Active contour model

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Active contour model, also called snakes, is a framework in computer vision for delineating an object outline from a possibly noisy 2D image. The snakes model is popular in computer vision, and snakes are greatly used in applications like object tracking, shape recognition, segmentation, edge detection and stereo matching.

A snake is an energy minimizing, deformable spline influenced by constraint and image forces that pull it towards object contours and internal forces that resist deformation. Snakes may be understood as a special case of the general technique of matching a deformable model to an image by means of energy minimization.[1] In two dimensions, the active shape model represents a discrete version of this approach, taking advantage of the point distribution model to restrict the shape range to an explicit domain learned from a training set.

Snakes – active deformable models

Snakes do not solve the entire problem of finding contours in images, since the method requires knowledge of the desired contour shape beforehand. Rather, they depend on other mechanisms such as interaction with a user, interaction with some higher level image understanding process, or information from image data adjacent in time or space.

Motivation[edit]

In computer vision, contour models describe the boundaries of shapes in an image. Snakes in particular are designed to solve problems where the approximate shape of the boundary is known. By being a deformable model, snakes can adapt to differences and noise in stereo matching and motion tracking. Additionally, the method can find Illusory contours in the image by ignoring missing boundary information.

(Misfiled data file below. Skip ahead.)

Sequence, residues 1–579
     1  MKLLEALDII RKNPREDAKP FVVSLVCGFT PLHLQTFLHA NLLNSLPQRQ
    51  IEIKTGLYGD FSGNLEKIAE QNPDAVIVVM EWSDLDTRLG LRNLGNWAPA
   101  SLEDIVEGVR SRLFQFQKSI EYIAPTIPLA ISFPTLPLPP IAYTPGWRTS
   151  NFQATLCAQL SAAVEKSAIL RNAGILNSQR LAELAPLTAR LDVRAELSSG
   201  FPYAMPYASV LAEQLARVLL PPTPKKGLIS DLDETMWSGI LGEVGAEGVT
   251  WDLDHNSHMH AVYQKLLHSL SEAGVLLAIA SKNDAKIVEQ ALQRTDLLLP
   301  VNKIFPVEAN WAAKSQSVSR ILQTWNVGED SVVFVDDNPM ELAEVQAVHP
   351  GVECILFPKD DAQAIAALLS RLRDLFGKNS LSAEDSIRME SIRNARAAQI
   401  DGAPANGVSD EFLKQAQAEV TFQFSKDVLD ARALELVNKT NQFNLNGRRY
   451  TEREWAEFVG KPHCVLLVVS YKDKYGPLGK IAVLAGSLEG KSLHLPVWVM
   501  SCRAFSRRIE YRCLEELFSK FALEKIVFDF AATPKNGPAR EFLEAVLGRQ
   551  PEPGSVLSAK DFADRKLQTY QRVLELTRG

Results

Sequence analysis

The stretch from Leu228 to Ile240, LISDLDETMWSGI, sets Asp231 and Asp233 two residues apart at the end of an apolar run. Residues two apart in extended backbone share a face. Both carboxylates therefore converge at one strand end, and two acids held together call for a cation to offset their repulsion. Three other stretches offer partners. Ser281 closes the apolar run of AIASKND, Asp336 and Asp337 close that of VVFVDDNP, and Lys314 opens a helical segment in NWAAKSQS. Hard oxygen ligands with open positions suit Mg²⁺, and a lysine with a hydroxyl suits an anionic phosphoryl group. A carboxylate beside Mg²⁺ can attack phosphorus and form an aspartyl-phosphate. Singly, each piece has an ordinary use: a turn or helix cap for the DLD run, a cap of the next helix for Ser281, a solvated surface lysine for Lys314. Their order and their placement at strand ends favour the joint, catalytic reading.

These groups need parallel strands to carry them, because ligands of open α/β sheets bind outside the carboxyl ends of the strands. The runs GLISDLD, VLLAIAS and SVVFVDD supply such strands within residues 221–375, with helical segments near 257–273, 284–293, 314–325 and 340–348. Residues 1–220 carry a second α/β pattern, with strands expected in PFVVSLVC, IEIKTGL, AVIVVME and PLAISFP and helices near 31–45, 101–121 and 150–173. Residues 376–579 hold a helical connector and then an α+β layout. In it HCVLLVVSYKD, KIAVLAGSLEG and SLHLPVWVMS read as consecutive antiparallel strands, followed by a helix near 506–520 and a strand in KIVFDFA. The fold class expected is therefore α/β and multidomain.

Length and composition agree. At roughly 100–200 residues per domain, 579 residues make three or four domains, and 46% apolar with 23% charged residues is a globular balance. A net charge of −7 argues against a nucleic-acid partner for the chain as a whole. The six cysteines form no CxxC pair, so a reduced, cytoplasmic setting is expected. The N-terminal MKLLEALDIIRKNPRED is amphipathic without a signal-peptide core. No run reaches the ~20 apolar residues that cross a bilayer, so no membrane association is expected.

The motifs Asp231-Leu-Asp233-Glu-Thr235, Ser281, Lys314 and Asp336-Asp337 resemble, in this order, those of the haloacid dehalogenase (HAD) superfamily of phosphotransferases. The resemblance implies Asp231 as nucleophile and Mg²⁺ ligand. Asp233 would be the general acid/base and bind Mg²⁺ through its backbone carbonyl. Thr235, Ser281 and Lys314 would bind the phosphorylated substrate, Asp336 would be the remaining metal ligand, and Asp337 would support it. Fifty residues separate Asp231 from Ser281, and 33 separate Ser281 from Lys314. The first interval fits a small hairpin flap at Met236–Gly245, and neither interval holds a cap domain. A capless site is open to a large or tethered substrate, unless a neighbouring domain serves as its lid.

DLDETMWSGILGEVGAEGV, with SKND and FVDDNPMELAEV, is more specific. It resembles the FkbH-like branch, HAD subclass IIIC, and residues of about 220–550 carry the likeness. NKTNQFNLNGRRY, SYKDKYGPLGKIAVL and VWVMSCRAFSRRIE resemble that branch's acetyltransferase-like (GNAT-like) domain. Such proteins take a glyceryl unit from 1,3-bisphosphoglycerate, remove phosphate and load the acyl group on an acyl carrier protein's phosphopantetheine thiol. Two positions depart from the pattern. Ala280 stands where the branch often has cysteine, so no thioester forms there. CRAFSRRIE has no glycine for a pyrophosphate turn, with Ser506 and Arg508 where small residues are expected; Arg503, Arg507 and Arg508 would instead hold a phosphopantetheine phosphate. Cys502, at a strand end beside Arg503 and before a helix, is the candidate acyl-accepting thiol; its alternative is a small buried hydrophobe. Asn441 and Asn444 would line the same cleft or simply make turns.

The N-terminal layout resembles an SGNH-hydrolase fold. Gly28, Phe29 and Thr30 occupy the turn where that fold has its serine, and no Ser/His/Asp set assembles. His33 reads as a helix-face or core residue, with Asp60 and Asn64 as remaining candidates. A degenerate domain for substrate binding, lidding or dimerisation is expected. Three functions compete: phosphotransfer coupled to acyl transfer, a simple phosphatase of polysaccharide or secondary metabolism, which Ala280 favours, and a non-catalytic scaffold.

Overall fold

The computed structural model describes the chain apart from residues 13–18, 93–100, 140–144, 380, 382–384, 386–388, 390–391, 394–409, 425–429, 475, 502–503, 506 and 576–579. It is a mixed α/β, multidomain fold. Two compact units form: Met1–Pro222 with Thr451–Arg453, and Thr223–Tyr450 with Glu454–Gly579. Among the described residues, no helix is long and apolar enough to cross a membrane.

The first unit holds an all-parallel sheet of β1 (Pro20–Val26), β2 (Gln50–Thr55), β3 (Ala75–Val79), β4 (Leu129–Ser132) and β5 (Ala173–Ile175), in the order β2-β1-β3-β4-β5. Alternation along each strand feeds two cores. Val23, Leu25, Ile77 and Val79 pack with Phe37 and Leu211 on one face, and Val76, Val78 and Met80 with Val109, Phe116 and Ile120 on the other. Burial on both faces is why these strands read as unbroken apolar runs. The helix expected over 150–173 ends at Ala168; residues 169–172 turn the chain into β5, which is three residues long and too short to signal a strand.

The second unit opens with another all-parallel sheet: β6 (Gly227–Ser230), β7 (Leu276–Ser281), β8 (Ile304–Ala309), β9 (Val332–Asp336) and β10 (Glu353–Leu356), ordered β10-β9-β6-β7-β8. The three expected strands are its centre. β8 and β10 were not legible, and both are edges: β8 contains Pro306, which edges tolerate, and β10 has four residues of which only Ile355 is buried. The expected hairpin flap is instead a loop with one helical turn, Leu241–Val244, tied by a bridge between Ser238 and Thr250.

Compared to classical feature attraction techniques, snakes have multiple advantages:

  • They autonomously and adaptively search for the minimum state.
  • External image forces act upon the snake in an intuitive manner.
  • Incorporating Gaussian smoothing in the image energy function introduces scale sensitivity.
  • They can be used to track dynamic objects.

The key drawbacks of the traditional snakes are

  • They are sensitive to local minima states, which can be counteracted by simulated annealing techniques.
  • Minute features are often ignored during energy minimization over the entire contour.
  • Their accuracy depends on the convergence policy.[2]

Energy formulation[edit]

A simple elastic snake is defined by a set of n points where , the internal elastic energy term , and the external edge-based energy term . The purpose of the internal energy term is to control the deformations made to the snake, and the purpose of the external energy term is to control the fitting of the contour onto the image. The external energy is usually a combination of the forces due to the image itself and the constraint forces introduced by the user

The energy function of the snake is the sum of its external energy and internal energy, or

Internal energy[edit]

The internal energy of the snake is composed of the continuity of the contour and the smoothness of the contour .

[3]

This can be expanded as

Where and are user-defined weights; these control the internal energy function's sensitivity to the amount of stretch in the snake and the amount of curvature in the snake, respectively, and thereby control the number of constraints on the shape of the snake.

In practice, a large weight for the continuity term penalizes changes in distances between points in the contour. A large weight for the smoothness term penalizes oscillations in the contour and will cause the contour to act as a thin plate.

Image energy[edit]

Energy in the image is some function of the features of the image. This is one of the most common points of modification in derivative methods. Features in images and images themselves can be processed in many and various ways.

For an image , lines, edges, and terminations present in the image, the general formulation of energy due to the image is

,

where , , are weights of these salient features. Higher weights indicate that the salient feature will have a larger contribution to the image force.